Claytons Paint

In: Business and Management

Submitted By zackytan
Words 991
Pages 4
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CASE STUDY – CLAYTON’S PAINTS
Three years ago a new, North American CEO was appointed at Clayton’s Paints.
He promptly set about changing the way the longstanding Australian company produced paint, his aim being to make Clayton’s Paints more responsive to the needs of its customers and to gain a competitive edge over its rivals in terms of both price and quality.
The new CEO decided that Clayton’s Paints needed to establish what he called
Customer First Teams (CFTs). He was convinced that the formation of CFTs would improve Clayton’s paint-production processes, and moved to restructure the existing workforce and production lines accordingly.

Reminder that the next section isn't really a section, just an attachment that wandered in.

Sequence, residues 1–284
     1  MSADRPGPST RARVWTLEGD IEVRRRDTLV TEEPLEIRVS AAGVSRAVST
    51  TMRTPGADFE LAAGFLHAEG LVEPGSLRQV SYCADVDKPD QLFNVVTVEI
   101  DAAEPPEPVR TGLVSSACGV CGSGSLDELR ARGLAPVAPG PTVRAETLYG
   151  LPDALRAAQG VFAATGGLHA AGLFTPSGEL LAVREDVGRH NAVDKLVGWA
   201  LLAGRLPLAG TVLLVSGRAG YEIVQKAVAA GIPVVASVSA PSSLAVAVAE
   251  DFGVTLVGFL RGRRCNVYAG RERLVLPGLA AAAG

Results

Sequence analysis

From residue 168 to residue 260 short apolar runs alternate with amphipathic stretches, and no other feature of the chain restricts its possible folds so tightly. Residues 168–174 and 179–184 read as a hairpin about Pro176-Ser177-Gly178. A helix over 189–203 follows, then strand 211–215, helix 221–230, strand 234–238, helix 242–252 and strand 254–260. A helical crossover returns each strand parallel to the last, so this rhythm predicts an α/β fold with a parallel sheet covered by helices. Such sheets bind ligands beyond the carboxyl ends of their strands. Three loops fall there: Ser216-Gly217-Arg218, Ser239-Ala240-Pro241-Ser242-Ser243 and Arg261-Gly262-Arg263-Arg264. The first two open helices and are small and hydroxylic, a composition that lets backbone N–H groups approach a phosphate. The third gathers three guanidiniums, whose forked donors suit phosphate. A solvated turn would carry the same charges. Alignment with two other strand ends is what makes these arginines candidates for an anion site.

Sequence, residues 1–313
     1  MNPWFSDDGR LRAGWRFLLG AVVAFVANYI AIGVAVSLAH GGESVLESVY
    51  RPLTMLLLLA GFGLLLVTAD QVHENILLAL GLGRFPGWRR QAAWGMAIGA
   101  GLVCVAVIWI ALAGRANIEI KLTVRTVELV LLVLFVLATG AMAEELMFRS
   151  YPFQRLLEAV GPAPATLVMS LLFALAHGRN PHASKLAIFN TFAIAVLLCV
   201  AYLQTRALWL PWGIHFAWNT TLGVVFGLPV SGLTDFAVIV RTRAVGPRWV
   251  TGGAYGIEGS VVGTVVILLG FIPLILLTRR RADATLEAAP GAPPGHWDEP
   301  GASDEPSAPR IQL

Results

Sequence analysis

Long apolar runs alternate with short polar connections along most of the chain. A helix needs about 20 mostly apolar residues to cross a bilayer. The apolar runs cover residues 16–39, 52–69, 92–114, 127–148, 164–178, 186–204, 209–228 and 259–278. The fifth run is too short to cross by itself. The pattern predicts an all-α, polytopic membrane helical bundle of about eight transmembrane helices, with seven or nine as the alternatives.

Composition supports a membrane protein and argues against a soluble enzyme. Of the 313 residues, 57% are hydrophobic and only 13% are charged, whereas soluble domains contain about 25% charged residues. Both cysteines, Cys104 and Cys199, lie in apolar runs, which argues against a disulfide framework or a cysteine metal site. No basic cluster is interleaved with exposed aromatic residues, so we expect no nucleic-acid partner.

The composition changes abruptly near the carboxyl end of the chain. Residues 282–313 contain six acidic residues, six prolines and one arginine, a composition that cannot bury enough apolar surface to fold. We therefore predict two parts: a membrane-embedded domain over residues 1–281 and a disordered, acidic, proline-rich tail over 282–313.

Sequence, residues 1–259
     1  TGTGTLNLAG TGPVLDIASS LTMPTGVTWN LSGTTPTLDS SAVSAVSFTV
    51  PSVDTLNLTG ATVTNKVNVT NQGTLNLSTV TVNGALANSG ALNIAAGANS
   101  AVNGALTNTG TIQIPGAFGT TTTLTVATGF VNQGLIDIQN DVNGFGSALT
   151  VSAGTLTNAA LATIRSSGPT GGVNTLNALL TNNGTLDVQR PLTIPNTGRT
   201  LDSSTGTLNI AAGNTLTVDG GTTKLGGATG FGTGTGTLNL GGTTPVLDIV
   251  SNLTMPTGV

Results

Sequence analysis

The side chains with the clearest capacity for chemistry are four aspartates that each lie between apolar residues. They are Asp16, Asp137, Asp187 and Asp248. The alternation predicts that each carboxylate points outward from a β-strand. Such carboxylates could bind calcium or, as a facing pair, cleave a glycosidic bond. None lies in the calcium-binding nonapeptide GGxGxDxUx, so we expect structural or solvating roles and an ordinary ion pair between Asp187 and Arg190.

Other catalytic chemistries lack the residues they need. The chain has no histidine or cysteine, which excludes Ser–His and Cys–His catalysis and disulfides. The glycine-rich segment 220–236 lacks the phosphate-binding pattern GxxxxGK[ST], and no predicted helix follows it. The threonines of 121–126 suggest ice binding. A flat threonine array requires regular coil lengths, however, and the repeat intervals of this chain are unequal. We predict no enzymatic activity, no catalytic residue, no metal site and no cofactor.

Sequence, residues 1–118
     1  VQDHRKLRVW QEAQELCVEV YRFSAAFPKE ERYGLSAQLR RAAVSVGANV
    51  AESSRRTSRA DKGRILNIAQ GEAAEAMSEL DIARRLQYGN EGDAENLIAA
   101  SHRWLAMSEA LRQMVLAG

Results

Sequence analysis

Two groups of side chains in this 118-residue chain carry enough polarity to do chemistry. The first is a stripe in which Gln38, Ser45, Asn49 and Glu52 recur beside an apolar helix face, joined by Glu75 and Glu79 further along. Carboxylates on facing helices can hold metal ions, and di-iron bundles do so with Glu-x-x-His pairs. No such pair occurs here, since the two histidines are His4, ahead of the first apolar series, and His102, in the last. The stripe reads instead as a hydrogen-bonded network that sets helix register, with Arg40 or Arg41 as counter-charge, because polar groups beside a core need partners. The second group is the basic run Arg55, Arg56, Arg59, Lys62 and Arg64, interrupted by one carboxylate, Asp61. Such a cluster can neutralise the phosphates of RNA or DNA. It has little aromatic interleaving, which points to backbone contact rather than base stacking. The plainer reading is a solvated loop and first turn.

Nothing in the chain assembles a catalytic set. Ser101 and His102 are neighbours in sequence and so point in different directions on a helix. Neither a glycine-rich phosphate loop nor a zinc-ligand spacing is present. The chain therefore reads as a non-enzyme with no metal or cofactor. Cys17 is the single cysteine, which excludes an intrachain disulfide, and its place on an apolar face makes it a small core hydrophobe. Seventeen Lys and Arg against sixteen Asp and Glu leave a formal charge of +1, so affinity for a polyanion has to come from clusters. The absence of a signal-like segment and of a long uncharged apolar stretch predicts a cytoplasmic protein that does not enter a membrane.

The CFTs were established by middle management, with members selected on the basis of their technical ability. Members varied from recent hires to longserving employees, from three days experience to 30 years. CFT leaders were also selected by middle management.
At first the CFTs seemed to very successful: the average time it took to produce a batch of paint reduced from 155 to about 56 hours. It was soon noticed, however, that the computer-based figures that the accountants were relying on seemed to be unreliable – some employees appeared to be unwilling to use the new computerised batch-logging system properly. Repeated efforts to encourage the logging of data by employees into the computers failed. Other problems also soon emerged.
The new CEO was innovative, dynamic and a good communicator. Several of the middle managers at Clayton’s noted that his drive and enthusiasm was an essential ingredient in achieving change. One commented that “He was the absolute key driver of the CFTs ... if he had not been here nothing would ever have happened.”
On the other hand, the CEO’s managerial style had limitations. According to one senior manager he was “an optimist who believed anything could be…...

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